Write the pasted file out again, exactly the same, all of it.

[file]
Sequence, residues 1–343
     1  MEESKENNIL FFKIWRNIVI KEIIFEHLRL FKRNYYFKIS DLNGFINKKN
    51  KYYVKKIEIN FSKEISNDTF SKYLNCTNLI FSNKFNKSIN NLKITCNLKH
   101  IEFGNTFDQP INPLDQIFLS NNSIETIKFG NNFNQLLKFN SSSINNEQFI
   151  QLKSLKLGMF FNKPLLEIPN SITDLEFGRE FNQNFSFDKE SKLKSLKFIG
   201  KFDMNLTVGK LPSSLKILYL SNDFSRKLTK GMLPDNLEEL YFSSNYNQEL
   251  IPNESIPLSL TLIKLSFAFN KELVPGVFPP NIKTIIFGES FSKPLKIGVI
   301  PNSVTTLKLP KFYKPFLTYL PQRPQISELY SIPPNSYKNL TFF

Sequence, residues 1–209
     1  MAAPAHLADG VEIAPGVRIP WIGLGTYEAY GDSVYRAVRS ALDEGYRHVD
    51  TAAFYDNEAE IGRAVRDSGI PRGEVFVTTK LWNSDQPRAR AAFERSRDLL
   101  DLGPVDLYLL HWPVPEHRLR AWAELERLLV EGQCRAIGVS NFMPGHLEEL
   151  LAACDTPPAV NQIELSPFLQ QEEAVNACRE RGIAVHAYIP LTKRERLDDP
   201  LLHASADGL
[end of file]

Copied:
Sequence, residues 1–343
     1  MEESKENNIL FFKIWRNIVI KEIIFEHLRL FKRNYYFKIS DLNGFINKKN
    51  KYYVKKIEIN FSKEISNDTF SKYLNCTNLI FSNKFNKSIN NLKITCNLKH
   101  IEFGNTFDQP INPLDQIFLS NNSIETIKFG NNFNQLLKFN SSSINNEQFI
   151  QLKSLKLGMF FNKPLLEIPN SITDLEFGRE FNQNFSFDKE SKLKSLKFIG
   201  KFDMNLTVGK LPSSLKILYL SNDFSRKLTK GMLPDNLEEL YFSSNYNQEL
   251  IPNESIPLSL TLIKLSFAFN KELVPGVFPP NIKTIIFGES FSKPLKIGVI
   301  PNSVTTLKLP KFYKPFLTYL PQRPQISELY SIPPNSYKNL TFF

Sequence, residues 1–209
     1  MAAPAHLADG VEIAPGVRIP WIGLGTYEAY GDSVYRAVRS ALDEGYRHVD
    51  TAAFYDNEAE IGRAVRDSGI PRGEVFVTTK LWNSDQPRAR AAFERSRDLL
   101  DLGPVDLYLL HWPVPEHRLR AWAELERLLV EGQCRAIGVS NFMPGHLEEL
   151  LAACDTPPAV NQIELSPFLQ QEEAVNACRE RGIAVHAYIP LTKRERLDDP
   201  LLHASADGL